7 Tips For Retailers Considering In-Store Analytics
Only 5 percent of marketers say they have mastered predicting and adapting to the shopper’s journey to derive maximum value (CMO Council).
For the remaining majority, one key roadblock has been understanding and monetizing shopper behavior inside brick-and-mortar.
In-store analytics is closing this gap. But, is it right for your store? What are the red flags to watch out for? And, how can you ensure you are getting the insights you need?
Here are our top 7 insider tips for retailers considering in-store analytics…
- Find out if the solution will capture every shopper that walks by.
- Determine if you’ll be able to get the answers you need.
Wait. Isn’t that a given? Why wouldn’t it capture every shopper?
Well, here’s the thing. There are now a handful of ways to capture in-store analytics, but not all of them can capture 100% of shoppers. Based on what you are trying to achieve, that could be a problem or it might be just fine.
The three most widely used in-store analytics methods are WiFi, Bluetooth and video. Of the three only video can actually capture every shopper. Why is that?
While video relies only on the quality of its camera, both WiFi and Bluetooth tend to revolve around the tricky business of getting the shopper to do something. For example, requiring that the shopper carries a smartphone, opts-in to the connection or downloads an app on their phone. Keep in mind that only 64% of U.S. adults actually own a smartphone (Pew Research Center). So, cumulatively these kinds of dependencies can really put a big dent in your sample and create strong bias.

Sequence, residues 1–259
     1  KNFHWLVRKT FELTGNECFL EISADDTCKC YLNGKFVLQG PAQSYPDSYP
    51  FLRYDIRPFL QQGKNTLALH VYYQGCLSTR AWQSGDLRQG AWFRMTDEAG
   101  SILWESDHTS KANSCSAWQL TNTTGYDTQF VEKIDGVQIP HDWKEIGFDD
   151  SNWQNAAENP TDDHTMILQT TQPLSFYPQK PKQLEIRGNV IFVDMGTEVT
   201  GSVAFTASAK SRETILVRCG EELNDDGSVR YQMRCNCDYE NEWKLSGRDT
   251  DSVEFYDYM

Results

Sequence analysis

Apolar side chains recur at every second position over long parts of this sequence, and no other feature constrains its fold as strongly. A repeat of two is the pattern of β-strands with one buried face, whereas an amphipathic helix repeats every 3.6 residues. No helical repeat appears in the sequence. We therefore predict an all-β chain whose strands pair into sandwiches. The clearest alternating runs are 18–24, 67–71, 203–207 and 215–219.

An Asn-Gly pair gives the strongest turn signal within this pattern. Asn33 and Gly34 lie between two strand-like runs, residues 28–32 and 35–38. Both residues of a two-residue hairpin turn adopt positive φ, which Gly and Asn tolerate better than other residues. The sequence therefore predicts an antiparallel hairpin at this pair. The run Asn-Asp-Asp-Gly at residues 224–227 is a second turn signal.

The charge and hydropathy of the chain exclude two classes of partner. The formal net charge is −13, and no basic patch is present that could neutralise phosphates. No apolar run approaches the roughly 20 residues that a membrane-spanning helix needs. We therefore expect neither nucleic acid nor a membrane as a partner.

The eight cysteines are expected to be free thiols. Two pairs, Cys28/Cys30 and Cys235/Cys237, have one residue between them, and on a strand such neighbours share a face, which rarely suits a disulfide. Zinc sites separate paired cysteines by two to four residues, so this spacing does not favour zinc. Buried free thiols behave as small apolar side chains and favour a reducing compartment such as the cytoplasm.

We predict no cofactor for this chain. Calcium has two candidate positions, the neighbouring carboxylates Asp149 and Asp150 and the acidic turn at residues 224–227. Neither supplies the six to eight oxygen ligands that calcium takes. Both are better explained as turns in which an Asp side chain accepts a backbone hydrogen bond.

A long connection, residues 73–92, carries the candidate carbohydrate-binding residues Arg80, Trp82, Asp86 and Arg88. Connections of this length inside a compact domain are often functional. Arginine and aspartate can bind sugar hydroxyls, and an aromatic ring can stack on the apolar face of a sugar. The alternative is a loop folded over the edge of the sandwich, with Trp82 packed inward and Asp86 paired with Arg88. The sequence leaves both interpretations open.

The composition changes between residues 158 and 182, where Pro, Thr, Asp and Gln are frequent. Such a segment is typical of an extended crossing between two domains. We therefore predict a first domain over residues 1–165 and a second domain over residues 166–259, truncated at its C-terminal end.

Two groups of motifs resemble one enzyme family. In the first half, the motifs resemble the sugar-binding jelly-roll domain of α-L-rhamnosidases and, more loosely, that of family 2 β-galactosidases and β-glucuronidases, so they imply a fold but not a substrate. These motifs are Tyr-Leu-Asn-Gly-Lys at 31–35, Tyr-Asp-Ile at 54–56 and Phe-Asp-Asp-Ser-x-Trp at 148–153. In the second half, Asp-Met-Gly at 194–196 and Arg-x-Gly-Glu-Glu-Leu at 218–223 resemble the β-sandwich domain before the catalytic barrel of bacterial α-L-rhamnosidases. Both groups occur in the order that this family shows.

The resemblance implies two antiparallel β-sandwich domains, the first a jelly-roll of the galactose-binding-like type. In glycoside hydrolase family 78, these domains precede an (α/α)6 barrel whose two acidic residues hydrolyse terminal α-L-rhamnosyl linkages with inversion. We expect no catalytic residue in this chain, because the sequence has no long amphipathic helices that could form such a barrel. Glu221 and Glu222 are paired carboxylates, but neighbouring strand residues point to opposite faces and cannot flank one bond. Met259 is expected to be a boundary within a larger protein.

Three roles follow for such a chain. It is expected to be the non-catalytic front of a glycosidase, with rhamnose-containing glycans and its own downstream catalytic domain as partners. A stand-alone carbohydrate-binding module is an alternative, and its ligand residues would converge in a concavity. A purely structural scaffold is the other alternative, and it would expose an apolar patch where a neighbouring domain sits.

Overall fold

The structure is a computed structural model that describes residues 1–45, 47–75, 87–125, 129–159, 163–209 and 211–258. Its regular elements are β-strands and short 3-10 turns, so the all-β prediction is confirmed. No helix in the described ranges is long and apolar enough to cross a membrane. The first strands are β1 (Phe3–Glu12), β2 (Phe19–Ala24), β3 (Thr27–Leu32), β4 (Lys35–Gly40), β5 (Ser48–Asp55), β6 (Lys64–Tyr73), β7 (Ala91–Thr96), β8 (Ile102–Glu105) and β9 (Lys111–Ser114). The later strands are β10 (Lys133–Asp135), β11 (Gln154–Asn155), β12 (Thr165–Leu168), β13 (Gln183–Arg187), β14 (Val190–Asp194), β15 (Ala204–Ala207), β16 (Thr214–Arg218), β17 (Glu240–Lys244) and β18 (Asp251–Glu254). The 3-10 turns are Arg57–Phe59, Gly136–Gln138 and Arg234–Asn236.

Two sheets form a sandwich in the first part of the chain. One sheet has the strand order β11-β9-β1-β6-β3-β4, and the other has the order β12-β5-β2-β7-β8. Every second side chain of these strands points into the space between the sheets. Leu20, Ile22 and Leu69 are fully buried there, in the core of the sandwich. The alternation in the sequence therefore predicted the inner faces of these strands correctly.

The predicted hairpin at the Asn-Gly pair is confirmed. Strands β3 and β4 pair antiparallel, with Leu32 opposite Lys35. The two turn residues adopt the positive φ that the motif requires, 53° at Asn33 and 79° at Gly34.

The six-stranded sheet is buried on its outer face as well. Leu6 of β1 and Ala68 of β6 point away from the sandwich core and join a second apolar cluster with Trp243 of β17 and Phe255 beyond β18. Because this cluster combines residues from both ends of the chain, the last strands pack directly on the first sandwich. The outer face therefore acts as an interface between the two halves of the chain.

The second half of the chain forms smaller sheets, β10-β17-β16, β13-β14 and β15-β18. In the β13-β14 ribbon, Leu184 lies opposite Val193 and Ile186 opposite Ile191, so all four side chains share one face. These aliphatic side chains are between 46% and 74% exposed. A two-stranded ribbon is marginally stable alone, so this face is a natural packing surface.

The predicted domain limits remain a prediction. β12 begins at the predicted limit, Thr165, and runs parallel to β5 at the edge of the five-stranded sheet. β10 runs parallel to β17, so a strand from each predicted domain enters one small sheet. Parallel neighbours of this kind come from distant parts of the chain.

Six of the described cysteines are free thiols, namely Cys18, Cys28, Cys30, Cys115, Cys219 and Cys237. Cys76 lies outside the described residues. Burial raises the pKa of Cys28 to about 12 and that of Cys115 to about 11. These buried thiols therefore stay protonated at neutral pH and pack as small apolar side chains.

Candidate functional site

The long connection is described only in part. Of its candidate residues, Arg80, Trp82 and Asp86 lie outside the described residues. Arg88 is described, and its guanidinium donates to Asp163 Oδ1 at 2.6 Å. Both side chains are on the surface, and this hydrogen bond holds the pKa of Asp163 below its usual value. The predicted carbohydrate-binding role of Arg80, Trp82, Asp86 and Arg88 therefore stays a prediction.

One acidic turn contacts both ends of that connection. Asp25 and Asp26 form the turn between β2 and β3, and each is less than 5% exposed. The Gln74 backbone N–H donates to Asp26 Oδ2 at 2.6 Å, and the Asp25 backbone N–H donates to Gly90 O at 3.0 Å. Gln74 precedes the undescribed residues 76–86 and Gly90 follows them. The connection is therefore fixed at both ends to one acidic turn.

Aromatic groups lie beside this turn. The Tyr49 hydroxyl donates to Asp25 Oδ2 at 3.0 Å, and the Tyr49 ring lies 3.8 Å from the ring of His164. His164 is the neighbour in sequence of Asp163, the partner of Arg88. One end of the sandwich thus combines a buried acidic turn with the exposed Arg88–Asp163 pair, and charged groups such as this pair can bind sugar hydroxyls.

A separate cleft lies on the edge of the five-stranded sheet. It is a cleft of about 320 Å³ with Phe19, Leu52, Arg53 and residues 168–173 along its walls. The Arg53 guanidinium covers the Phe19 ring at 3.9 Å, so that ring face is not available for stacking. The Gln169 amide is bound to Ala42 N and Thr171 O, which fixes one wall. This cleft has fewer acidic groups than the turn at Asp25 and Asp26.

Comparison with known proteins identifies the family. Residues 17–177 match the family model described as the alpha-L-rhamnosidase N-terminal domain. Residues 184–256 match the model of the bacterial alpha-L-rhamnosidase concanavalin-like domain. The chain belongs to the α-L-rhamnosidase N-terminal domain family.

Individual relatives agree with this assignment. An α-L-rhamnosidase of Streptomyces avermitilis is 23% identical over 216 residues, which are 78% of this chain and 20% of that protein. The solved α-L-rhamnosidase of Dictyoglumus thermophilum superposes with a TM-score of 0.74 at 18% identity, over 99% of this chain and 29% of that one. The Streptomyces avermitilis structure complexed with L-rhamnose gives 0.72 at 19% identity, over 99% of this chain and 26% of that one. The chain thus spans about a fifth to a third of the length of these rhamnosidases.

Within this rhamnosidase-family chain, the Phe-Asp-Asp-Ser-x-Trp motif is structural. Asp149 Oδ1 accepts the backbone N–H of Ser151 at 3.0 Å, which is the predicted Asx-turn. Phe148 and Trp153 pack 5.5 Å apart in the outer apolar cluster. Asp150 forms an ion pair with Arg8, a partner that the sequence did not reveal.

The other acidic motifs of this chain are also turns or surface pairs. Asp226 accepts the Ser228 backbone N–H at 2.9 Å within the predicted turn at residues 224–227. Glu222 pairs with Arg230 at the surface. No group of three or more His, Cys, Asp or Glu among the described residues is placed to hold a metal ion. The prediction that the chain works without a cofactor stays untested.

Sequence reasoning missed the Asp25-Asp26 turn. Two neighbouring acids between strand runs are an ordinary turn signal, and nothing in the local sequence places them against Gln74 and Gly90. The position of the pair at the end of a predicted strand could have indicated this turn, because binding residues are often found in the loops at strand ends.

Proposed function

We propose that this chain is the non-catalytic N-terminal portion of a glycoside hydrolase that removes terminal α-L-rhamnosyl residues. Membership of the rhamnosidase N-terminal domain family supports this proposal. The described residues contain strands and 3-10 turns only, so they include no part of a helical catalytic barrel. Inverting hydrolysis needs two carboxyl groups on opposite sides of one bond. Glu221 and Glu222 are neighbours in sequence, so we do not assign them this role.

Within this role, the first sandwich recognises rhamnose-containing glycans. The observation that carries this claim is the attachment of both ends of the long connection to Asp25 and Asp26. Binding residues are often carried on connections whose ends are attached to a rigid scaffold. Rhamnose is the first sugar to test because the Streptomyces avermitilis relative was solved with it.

The next step in narrowing your choices will be determining what you want to know. With that in hand, it should be pretty easy to not only pinpoint a method, but a provider as well. Here are some ideas of things you can get:
- Is there a consumer browsing one of departments/categories or interacting with my merchandising displays?
- Is this a male or female consumer? What age?
- What is the consumer doing/looking at?
- How long are consumers lingering? Are they really engaged or just passing by?